The Canberra Institute of Technology should be forced to review hundreds of electrical trade graduates it took on following the sudden closure of private training provider ElectroSkills, an inquiry has found.
Complaints about the training of apprentice electricians have dogged the CIT in recent years, with repeated warnings that graduates lacked basic skills and were being given inadequate training.
Those concerns have been aired by industry bodies such as the ACT Electrotechnology Energy Advisory Board and the National Electrical and Communications Association, as well as a former CIT trainer and assessor, Ian Dunstan.
Fears were expressed that standards had been lowered to allow more apprentices to be pushed through the course, prompting warnings over serious safety risks.
But an audit of part of the electrotechnology course, conducted by the Australian Skills Quality Authority in November, found it to be compliant with the vocational education and training quality framework.
Concerns about CIT's electrotechnology course have been the focus of the Legislative Assembly's education and training committee this year, which has conducted an inquiry into vocational education.
That inquiry also examined the closure of ElectroSkills, a large private registered training organisation, in 2013.
ElectroSkills closed its doors after failing a compliance audit, leaving between 250 to 300 apprentices in the lurch.
They were taken on by CIT to finish their training – a process that raised its own concerns about whether the cohort had properly met the required competencies.
The final report of the vocational education inquiry, released this month, called on Higher Education and Training Minister Meegan Fitzharris to compel CIT to review each of those graduates to ensure they had met the requirements of the course.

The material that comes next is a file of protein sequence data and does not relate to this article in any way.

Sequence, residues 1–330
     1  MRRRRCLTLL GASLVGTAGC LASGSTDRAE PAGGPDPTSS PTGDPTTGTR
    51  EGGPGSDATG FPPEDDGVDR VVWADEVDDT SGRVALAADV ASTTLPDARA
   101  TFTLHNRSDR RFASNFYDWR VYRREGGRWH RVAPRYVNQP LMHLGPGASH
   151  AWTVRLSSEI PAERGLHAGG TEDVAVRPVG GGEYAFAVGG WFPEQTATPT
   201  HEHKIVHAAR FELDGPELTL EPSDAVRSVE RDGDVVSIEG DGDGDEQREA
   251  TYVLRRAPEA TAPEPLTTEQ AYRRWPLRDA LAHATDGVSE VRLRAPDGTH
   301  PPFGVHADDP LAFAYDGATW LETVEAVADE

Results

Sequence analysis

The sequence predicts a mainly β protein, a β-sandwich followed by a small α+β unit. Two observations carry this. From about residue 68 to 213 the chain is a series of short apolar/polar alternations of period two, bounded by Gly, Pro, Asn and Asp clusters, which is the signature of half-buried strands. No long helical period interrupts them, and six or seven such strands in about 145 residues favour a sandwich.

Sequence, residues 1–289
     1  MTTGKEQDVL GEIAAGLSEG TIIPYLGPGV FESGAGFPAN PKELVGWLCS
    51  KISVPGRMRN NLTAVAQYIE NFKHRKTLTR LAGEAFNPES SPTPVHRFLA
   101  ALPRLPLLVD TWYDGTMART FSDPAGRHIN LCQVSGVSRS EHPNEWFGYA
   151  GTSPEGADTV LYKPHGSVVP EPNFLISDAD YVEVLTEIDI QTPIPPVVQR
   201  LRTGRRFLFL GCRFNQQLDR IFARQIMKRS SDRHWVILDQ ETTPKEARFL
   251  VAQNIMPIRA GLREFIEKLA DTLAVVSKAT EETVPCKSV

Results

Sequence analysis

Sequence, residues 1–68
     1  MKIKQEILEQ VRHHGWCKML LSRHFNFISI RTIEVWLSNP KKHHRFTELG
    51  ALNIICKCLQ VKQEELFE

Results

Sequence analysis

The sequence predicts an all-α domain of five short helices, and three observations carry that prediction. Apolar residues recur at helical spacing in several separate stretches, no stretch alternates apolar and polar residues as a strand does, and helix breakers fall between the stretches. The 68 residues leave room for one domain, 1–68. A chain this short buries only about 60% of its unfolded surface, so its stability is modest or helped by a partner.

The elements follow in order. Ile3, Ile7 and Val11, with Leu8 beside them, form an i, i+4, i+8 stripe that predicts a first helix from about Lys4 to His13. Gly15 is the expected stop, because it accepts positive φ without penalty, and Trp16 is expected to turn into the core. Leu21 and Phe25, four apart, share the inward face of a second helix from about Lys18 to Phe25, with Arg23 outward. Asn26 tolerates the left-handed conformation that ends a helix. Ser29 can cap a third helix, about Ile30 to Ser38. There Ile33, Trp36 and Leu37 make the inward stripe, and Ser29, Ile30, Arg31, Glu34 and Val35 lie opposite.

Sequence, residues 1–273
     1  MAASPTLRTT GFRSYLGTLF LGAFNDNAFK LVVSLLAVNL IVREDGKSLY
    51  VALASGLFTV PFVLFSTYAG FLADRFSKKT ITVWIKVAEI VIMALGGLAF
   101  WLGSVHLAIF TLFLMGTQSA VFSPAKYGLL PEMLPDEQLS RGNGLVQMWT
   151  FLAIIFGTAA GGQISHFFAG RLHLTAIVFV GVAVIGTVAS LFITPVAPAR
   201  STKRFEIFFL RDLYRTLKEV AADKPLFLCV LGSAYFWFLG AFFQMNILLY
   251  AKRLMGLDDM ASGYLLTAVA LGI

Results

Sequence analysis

"The committee recommends that, following the review ... should any deficiencies be identified, CIT ensure a catch-up or complementary course of training is completed by these graduates," the inquiry's report stated.
Despite the audit of CIT, the committee remained concerned that:
"In a dangerous technical course – public and industry confidence is retained following the difficult circumstances that followed the unexpected and unplanned amalgamation of two electrotechnology courses."
The committee criticised the "perceived resistance" of CIT in responding to concerns, and recommended the minister should "not be satisfied with CIT's response".
Ms Fitzharris said the government would formally respond to the report in August, when the Assembly next sits.
But she said CIT had a proud record of "delivering quality education to apprentices".
"Apprenticeship training is crucial to ensuring we have the skilled workers necessary for economic growth here in Canberra," Ms Fitzharris said.
"Electrotechnology is a key industry for the ACT and will be increasingly so with the ACT government's focus on renewable energy. We want to make sure apprentices have the skills the industry requires," she said.
"CIT has a proud record of delivering quality education to apprentices in the ACT and takes its obligations to provide the highest standard of training seriously to ensure it provides local industries with qualified skilled workers."
The inquiry has also recommended that CIT put in place a contingency plan for integrating large numbers of students into its courses in the future.
In January, the concerns with CIT prompted the electrical industry to urge the government to establish a new trainer for electricians in Canberra.
National Electrical and Communications Association chief executive Suresh Manickam also urged for more audits and tests of electrical products to ensure they were meeting safety standards.